What To Know About Cascara, The Coffee Drink That’s More Like Tea

If recent caffeine-related trends (coffee! Japanese iced coffee!) are any clue (coffee! Japanese iced coffee! Caffeinated gummy bears! ), one thing is certain: Americans enjoy their caffeine in any form they can get it. That’s why we’re pleased to present you to coffee cherry tea, a somewhat different type of java.

The product, also known as cascara, is manufactured from the dried skins of the coffee berry and is mostly consumed in coffee-growing countries such as Bolivia, Ethiopia, and Yemen, among others. However, the combination has gained popularity in the United States in recent years, with Starbucks, Blue Bottle Coffee, and Shake Shack all featuring seasonal cascara-based beverages on their menus at one point or another.

To be clear, the coffee cherry tea we’re discussing isn’t brewed from cascara sagrada, which is a nutritional supplement that is occasionally taken as a tea. The latter product is linked to a host of undesirable side effects, none of which are present in the cascara we’re discussing.

Find out all you need to know about coffee cherry tea, from what it is to how to drink it properly and, of course, how it compares to more typical coffees and teas, right here.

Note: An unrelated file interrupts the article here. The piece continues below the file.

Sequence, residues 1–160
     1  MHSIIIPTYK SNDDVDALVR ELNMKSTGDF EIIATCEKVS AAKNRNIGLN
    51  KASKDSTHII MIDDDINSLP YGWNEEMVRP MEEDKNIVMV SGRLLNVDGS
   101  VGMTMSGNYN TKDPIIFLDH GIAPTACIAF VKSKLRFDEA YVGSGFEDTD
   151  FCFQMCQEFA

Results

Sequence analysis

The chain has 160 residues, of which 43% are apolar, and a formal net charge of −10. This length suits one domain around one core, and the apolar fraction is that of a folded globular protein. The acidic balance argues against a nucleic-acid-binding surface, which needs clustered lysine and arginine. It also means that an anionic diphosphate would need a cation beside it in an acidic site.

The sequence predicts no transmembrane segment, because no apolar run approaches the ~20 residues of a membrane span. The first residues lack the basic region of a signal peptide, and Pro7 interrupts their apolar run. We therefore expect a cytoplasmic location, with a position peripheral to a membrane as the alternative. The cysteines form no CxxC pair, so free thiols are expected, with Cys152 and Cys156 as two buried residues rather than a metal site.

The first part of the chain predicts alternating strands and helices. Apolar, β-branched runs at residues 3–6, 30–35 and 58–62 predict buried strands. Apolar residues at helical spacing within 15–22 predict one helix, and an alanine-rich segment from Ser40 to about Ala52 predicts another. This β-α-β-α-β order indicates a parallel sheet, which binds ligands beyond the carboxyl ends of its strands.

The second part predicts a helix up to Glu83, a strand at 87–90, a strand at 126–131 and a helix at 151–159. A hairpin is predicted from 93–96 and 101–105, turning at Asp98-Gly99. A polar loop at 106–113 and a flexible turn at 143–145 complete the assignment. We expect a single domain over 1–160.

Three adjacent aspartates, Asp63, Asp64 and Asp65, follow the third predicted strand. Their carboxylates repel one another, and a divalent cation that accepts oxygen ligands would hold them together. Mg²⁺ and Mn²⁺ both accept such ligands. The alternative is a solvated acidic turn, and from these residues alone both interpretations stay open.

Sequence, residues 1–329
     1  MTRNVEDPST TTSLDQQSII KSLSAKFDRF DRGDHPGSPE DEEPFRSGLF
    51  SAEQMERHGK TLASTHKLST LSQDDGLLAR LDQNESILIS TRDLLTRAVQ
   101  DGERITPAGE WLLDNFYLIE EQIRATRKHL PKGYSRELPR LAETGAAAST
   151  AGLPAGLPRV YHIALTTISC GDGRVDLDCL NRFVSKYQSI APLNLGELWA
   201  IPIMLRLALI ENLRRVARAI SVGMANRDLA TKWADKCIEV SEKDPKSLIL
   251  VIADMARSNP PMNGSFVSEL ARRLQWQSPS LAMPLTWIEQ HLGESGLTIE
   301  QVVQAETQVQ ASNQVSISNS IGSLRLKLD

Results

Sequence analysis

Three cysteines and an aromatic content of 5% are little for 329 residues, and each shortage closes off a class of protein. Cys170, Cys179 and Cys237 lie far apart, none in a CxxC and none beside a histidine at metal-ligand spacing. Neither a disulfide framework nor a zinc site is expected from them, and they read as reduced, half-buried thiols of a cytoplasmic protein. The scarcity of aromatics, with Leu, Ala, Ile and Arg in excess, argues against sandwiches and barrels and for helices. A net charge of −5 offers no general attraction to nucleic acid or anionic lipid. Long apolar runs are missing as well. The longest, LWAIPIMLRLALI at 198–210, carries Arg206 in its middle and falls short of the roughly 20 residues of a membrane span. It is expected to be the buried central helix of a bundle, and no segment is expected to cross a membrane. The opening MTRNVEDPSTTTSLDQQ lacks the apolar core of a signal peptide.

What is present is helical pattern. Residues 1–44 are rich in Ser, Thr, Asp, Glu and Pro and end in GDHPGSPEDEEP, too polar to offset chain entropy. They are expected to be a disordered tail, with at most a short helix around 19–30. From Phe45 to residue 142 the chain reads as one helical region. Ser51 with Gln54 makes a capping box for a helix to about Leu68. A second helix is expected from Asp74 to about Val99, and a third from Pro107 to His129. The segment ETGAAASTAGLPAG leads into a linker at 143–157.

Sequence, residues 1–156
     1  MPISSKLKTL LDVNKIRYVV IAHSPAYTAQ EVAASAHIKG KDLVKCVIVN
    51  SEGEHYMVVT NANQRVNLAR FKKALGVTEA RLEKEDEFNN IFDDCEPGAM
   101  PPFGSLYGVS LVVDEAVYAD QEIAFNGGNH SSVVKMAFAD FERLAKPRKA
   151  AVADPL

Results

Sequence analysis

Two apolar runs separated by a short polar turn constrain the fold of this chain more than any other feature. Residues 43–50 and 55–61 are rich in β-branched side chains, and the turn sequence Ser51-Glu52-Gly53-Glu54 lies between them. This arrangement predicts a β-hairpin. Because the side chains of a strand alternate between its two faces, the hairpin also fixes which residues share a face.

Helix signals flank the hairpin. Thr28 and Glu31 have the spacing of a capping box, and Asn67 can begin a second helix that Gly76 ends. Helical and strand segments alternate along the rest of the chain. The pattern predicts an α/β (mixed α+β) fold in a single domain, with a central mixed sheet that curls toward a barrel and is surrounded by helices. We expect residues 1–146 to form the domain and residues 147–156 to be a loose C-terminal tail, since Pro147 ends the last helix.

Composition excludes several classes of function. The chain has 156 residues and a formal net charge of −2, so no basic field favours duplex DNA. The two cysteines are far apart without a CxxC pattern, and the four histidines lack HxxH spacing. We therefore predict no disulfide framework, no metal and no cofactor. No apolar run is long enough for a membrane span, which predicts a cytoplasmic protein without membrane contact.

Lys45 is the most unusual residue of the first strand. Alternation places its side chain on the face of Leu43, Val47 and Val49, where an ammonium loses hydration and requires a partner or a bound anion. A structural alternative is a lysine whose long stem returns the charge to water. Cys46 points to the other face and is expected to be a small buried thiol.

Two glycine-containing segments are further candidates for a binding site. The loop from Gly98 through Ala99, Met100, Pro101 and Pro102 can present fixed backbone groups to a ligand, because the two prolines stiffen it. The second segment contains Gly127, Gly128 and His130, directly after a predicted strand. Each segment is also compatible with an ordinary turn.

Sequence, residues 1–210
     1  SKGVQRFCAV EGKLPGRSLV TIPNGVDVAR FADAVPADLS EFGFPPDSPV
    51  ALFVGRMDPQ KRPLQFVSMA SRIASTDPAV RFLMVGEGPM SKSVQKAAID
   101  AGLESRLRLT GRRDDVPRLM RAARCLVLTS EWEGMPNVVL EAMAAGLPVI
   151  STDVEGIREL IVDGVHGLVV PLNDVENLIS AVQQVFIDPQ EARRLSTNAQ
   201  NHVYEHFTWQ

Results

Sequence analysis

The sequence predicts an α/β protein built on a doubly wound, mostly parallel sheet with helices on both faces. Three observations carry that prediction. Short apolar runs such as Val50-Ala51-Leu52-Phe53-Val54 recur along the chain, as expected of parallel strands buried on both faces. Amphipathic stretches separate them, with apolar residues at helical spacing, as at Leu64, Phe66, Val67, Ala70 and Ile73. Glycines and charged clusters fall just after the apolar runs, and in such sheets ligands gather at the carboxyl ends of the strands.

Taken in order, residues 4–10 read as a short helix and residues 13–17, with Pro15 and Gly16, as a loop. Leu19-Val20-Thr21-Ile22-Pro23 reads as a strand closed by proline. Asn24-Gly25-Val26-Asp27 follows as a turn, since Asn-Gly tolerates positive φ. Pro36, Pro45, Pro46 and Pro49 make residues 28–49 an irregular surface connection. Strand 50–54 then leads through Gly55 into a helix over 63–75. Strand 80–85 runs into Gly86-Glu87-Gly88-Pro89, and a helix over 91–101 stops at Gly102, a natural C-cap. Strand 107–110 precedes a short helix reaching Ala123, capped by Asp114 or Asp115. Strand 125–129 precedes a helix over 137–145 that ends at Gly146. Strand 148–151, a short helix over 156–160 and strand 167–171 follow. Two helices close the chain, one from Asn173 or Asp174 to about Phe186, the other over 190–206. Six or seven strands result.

What is cascara, exactly?
Let’s start at the beginning: You may be surprised to learn that a coffee bean is actually the seed of a coffee cherry. A coffee cherry, which is generally red but can be yellow or orange in colour, usually contains two seeds, which we call coffee beans. “A layer of slimy mucilage covers the two beans side by side in the heart of the coffee cherry, which is protected by the outer skin,” stated Tom Saxon, the founder and head of coffee at Batch Coffee. Cascara is made up of the outer skin.

The coffee cherries shown here have two seeds, which we call coffee beans.

The cascara is made from the dried outer peel that protects the coffee beans.
Although the peeling husk is commonly composted, many farmers gather it, dry it in the sun, and package it into cascara, which takes several months to develop and appears dark red when ripe, according to coffee expert Jen Stone.

Read more • huffpost.com

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